McGurl_Girl_of_the_Golden_West_the_Sailing_Canoe
    Joseph McGurl
    Girl of the Golden West: The Sailing Canoe, 2018
    Oil on panel
    20 x 30 inches

    QUEST FOR THE WEST® 2018 list of artists

    Gerald Balciar*
    John Buxton
    G. Russell Case
    Bruce Cheever
    Tim Cherry*
    Rox Corbett
    Brent Cotton
    Glenn Dean
    Steve Devenyns
    Mikel Donahue
    Michael Dudash
    Barry Eisenach*
    Josh Elliott
    Tony Eubanks
    John Fawcett
    Robert Griffing
    David Grossmann
    Logan Maxwell Hagege
    George Hallmark
    Karin Hollebeke
    Donna Howell-Sickles
    Doug Hyde*
    Terry Isaac
    Jerry Jordan
    Greg Kelsey*
    Mark Kelso
    Mark Maggiori
    Curt Mattson*
    Joseph McGurl
    Krystii Melaine
    Denis Milhomme
    Jay Moore
    John Moyers
    Terri Kelly Moyers
    Brenda Murphy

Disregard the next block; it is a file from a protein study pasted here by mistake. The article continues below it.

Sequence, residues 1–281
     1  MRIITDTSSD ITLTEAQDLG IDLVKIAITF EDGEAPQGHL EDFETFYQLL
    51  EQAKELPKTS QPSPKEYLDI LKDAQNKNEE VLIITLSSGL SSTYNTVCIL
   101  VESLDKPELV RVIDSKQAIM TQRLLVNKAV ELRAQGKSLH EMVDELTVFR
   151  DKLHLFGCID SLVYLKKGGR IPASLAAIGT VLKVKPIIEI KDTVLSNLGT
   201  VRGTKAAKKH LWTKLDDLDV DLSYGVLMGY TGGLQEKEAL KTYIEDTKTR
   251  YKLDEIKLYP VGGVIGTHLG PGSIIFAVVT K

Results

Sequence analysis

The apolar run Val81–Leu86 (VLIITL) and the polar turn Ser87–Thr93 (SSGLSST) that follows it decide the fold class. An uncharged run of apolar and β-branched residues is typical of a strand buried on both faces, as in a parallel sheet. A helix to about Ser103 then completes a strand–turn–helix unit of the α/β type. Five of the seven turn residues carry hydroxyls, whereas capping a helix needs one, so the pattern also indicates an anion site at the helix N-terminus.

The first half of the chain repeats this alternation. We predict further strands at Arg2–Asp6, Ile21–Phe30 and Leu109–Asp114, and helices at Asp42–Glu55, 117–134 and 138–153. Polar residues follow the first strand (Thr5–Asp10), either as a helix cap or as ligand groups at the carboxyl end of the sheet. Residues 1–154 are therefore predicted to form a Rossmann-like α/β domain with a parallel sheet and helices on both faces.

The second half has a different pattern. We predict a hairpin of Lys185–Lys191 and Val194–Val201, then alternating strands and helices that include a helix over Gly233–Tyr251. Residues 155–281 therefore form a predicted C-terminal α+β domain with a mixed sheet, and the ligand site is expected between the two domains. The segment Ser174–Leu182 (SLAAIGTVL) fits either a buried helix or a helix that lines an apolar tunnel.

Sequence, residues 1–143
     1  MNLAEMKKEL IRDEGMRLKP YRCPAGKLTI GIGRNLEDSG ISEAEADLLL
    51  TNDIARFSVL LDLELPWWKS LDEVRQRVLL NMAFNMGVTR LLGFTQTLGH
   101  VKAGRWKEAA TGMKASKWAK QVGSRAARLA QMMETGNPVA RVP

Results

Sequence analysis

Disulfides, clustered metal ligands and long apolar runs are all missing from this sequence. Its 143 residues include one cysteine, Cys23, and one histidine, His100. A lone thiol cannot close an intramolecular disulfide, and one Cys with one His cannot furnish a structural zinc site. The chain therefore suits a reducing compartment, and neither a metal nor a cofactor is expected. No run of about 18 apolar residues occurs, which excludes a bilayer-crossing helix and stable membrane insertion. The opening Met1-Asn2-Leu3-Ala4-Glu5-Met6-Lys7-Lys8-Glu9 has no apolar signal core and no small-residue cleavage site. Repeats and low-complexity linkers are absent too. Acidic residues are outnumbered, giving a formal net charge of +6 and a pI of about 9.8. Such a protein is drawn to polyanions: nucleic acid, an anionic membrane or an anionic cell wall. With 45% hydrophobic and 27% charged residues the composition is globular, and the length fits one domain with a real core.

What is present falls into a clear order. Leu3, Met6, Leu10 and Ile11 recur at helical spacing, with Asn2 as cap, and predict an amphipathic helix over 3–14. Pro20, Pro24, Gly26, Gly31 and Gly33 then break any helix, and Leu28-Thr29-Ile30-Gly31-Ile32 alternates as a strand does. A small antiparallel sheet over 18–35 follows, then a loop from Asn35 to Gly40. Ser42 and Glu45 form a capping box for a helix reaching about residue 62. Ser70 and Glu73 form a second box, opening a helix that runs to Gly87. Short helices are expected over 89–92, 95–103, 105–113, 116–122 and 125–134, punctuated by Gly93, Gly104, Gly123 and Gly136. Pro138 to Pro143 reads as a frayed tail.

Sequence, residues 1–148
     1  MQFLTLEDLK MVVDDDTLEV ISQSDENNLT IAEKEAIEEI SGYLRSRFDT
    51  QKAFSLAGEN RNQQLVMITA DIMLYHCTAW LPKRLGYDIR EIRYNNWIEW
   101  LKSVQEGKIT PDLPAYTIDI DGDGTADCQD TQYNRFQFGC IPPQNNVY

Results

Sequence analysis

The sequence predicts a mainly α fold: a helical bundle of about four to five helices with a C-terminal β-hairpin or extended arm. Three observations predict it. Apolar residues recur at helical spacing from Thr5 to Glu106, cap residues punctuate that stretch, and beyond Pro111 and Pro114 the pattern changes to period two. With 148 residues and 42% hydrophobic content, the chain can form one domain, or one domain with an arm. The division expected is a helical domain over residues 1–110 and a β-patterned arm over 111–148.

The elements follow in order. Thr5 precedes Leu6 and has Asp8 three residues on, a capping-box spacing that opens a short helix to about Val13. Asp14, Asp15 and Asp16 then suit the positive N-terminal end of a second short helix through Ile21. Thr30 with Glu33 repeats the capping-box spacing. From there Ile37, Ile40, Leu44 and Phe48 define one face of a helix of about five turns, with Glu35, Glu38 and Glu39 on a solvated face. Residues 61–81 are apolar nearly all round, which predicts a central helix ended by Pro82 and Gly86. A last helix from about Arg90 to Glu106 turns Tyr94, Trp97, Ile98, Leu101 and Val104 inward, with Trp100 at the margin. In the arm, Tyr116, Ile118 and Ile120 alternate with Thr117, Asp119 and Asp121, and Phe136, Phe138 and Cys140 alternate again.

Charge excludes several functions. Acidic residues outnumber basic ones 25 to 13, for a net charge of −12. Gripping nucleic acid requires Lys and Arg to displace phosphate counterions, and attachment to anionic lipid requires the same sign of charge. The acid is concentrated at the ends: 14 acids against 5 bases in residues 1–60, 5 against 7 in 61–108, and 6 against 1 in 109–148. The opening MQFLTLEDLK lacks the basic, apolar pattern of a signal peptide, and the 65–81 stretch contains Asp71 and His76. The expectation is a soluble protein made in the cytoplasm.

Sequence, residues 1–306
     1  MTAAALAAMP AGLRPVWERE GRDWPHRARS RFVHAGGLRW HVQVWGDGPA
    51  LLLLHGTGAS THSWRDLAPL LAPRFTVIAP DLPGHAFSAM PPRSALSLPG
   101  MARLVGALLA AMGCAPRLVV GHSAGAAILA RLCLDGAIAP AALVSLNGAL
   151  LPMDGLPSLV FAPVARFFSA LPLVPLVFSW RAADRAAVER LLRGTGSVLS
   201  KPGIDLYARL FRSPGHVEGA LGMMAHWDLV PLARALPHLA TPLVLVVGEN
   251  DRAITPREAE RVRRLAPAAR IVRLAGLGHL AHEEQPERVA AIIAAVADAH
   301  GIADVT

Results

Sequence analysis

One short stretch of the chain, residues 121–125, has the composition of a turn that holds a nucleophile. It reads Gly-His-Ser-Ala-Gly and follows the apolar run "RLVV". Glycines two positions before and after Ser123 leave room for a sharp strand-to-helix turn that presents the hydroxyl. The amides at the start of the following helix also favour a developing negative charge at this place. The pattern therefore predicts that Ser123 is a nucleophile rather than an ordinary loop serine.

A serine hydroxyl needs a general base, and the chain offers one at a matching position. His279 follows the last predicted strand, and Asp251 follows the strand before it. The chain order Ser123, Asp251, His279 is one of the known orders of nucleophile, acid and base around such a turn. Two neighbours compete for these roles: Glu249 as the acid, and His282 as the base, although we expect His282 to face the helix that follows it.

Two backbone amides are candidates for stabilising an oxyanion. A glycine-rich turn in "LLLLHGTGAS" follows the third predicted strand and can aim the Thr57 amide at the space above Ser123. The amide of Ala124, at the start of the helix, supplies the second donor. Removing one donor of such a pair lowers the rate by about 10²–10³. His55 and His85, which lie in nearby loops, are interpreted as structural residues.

Rock Newcomb
    P.A. Nisbet
    Robert Peters
    Howard Post
    Heide Presse
    Scott Rogers*
    Gladys Roldan-de-Moras
    Roseta Santiago
    Sandy Scott*
    Adam Smith
    Daniel Smith
    Nathan Solano
    Tim Solliday
    Andy Thomas
    David Wright

    Bold names are artists new to Quest
    *sculptors


    13TH ANNUAL
    QUEST FOR THE WEST® ART SHOW AND SALE
    OPENING WEEKEND:  SEPT 7–8
    EXHIBIT OPEN TO THE PUBLIC:  SEPT 9–OCT 7

    Presented by:
    Cardinal Contracting
    The Western Art Society

    Sponsored by:
    Ice Miller LLP

     

    This article originally appeared in the June 2018 issue of Storyteller magazine. 

     





  • Announcing an exciting new acquisition: "The Golden Mountain, Arriving San Francisco, 1865"

    by James H. Nottage, vice president and chief curatorial officer and Gund curator of Western art, history and culture | Jun 20, 2018